Clearly the matter of tuition increases is the result of a matrix of factors in the legal academy-ABA-parent university relationship, but if one factor stands out law schools indeed are the prime mover for causing rising tuitions. What clearly stands out as a major factor is the objective to reduce student-faculty ratios by hiring more law profs instead of reducing their student enrollments. I don't see that changing unless someone pulls the plug on the loan programs which virtually guarantee a revenue stream for the legal academy.
Universities are outright rentiers. They have easy access to debt-revenue, so they take it. ... The only thing left to surprise us is on a moral level: How can university administrators sincerely believe their own justifications for economic rents?
A moral justification! You have got to be kidding. There are not even ethical standards for law school administrators. Some law profs like to opine about "social justice." Certainly there is a vocal minority of law prof bloggers calling for reform alone these lines. However, only Congress can turn "social justice" arguments into enforceable requirements.
If members of Congress are interested in raising the level of examination above the issue of gaming reported law school stats, they will need to do so in the context of preparing to pull the rug out from under easy access to debt-revenue financing. That IMHO would be the way for Congress to address the entire ABA-Legal Academy cartel and how it is financed and sanctioned by the federal government to maintain the status quo. If fingers need to be pointed in one direction, that direction is the federal government which has been maintaining a system that fails to provide the basis for affordable legal services to the masses in the context of civil justice. [JH]
The Green Bag's 2011 Exemplary Legal Writing Awards
Congratulations to Chief Justice John Roberts and Associate Justice Kagan. Both were among the winners of The Green Bag's 2011 Honorees for Exemplary Legal Writing.
CJ Justice was honored in the category of Opinions for the Court for his opinion in FCC v. AT&T Inc., 131 S.Ct. 1177 (2011) wherein he declined to hold that corporations had protection for “personal privacy” under the Freedom of Information Act. "Clearly having fun, Roberts could not resist ending the opinion with: 'We trust that AT&T will not take it personally'" writes BLT's Tony Mauro.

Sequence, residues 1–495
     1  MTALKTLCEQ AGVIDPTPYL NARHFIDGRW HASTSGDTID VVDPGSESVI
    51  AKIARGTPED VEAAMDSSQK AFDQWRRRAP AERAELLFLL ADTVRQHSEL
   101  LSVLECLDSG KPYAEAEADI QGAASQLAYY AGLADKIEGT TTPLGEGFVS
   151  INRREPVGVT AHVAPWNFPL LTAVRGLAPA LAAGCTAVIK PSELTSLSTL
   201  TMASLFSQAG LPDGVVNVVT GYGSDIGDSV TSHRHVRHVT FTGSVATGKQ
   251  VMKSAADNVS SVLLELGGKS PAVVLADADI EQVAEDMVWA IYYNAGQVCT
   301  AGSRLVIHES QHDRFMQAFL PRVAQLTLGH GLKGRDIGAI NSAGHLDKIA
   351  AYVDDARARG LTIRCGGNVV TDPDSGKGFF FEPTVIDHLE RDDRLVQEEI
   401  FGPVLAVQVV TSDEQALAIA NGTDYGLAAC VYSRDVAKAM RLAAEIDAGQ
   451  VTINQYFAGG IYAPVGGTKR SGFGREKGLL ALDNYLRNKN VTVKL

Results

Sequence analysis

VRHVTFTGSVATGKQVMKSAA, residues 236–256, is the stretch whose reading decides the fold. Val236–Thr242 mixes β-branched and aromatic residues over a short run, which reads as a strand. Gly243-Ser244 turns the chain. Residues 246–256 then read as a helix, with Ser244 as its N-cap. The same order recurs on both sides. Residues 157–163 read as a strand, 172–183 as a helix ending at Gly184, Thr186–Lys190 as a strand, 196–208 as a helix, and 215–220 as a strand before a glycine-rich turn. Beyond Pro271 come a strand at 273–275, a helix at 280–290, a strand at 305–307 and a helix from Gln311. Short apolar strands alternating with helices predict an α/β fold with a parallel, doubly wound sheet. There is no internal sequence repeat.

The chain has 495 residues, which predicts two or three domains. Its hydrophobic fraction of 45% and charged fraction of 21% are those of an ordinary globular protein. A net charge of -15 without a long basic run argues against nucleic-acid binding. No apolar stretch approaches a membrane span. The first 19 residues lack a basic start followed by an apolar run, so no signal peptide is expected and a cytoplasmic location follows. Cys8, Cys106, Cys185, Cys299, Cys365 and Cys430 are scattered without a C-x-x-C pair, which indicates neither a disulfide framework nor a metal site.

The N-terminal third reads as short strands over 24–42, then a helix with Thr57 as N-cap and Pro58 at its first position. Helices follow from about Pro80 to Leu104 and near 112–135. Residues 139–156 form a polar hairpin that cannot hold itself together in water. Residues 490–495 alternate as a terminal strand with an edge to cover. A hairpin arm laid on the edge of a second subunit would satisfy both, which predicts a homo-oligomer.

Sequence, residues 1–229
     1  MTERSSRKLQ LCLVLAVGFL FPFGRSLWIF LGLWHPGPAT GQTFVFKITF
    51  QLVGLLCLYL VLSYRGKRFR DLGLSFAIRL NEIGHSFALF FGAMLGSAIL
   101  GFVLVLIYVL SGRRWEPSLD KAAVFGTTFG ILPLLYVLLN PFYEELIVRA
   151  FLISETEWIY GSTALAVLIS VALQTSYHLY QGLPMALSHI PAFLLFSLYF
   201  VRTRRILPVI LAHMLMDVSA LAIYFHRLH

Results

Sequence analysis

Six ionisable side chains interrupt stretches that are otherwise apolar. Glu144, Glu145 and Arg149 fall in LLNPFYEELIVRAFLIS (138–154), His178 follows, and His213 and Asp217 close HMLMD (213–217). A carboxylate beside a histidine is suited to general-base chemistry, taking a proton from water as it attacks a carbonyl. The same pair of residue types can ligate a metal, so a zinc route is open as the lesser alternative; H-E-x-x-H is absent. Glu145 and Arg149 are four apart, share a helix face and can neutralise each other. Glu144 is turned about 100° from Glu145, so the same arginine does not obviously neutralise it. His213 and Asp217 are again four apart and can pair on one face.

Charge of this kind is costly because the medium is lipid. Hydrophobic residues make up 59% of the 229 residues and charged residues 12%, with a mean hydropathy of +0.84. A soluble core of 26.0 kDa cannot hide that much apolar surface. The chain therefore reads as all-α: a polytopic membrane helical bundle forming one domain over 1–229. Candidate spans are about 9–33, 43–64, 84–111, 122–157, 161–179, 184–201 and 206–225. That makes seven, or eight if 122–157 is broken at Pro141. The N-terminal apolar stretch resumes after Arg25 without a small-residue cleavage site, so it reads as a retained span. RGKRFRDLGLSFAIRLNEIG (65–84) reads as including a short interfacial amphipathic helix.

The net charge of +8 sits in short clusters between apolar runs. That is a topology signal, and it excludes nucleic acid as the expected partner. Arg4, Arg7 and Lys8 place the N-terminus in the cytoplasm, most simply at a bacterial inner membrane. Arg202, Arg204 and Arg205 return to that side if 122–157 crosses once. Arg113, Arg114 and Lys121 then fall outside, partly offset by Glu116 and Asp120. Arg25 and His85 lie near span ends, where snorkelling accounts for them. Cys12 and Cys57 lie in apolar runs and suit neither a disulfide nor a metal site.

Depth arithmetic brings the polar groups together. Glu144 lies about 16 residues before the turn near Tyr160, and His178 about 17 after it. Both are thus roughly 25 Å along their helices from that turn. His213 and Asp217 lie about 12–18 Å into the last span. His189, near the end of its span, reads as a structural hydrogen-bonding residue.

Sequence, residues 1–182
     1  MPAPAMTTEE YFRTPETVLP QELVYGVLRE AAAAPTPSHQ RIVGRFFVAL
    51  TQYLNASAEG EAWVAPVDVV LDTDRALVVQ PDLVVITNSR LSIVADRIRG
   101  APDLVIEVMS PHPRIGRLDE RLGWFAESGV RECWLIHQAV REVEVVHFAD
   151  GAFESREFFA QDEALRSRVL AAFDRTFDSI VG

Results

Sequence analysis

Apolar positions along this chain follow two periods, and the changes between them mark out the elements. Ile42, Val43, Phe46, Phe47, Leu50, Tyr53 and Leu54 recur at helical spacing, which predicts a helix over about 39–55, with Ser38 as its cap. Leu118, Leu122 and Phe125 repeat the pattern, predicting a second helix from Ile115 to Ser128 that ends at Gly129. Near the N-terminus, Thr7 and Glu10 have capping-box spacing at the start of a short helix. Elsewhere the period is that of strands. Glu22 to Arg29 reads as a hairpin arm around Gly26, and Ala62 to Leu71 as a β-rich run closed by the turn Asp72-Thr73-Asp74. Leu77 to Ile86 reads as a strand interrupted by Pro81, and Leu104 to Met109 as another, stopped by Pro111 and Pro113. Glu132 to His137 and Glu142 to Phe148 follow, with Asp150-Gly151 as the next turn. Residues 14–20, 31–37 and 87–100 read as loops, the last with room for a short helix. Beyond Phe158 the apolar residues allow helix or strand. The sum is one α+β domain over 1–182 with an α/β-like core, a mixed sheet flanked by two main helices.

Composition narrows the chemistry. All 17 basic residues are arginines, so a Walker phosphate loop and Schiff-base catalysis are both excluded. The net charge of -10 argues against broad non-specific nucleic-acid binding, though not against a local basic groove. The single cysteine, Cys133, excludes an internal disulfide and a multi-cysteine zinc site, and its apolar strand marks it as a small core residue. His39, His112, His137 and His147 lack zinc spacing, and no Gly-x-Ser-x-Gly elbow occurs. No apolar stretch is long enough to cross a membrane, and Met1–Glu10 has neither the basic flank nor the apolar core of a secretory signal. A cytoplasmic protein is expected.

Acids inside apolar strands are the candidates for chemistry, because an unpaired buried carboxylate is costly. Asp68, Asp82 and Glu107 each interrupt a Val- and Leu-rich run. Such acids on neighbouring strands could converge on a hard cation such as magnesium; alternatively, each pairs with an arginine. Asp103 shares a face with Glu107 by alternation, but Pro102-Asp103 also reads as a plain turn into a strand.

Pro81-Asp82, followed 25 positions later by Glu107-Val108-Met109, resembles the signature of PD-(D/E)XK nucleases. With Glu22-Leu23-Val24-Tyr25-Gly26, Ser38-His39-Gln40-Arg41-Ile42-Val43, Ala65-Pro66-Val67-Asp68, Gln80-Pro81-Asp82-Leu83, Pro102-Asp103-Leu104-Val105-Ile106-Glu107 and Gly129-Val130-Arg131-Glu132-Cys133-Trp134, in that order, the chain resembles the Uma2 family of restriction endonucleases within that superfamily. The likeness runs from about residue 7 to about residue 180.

In the category of Concurrences, Dissents, Etc., Associate Justice Elena Kagan was honored for her forceful dissent in Arizona Arizona Christian School Tuition Org. v. Winn, 131 S.Ct. 1436 (2011), an Establishment Clause case.
In addition to the Opinions for the Court and Concurrences, Dissents, Etc., The Green Bag's legal writing awards categories include Books, Short Articles, Long Articles, News & Analysis and Miscellany. Typicially two and sometimes three honorees are identitied in each catagory. For example CJ Roberts shared the distinction for exemplary legal writing in the Opinions of the Court category with Judge Terence Evans for G-P Consumer Prod. v. Kimberly-Clark, 647 F.3d 723 (7th Cir. 2011) and Senior Circuit Judge Richard A. Posner for Flomo v. Firestone Natural Rubber Co., 643 F.3d 1013 (7th Cir. 2011). [JH]
December 26, 2011
Thank God the World is Going to End on December 21, 2012: The Coming Deluge of Law Firm Blogs
Reporting in Watch Out: A Deluge of Legal Blogs is Approaching, Bob Ambrogi reviews some of the findings of a recently released survey of social media in the legal sector that was conducted by LexisNexis and Vizibility. Bob writes: